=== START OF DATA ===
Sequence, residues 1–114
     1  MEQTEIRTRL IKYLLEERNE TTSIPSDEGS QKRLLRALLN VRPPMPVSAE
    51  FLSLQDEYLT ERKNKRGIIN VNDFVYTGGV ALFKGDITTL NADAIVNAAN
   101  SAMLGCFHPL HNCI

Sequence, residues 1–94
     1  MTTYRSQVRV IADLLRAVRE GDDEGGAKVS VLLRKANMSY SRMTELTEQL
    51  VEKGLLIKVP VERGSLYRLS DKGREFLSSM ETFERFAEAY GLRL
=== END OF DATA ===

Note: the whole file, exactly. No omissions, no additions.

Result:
Sequence, residues 1–114
     1  MEQTEIRTRL IKYLLEERNE TTSIPSDEGS QKRLLRALLN VRPPMPVSAE
    51  FLSLQDEYLT ERKNKRGIIN VNDFVYTGGV ALFKGDITTL NADAIVNAAN
   101  SAMLGCFHPL HNCI

Sequence, residues 1–94
     1  MTTYRSQVRV IADLLRAVRE GDDEGGAKVS VLLRKANMSY SRMTELTEQL
    51  VEKGLLIKVP VERGSLYRLS DKGREFLSSM ETFERFAEAY GLRL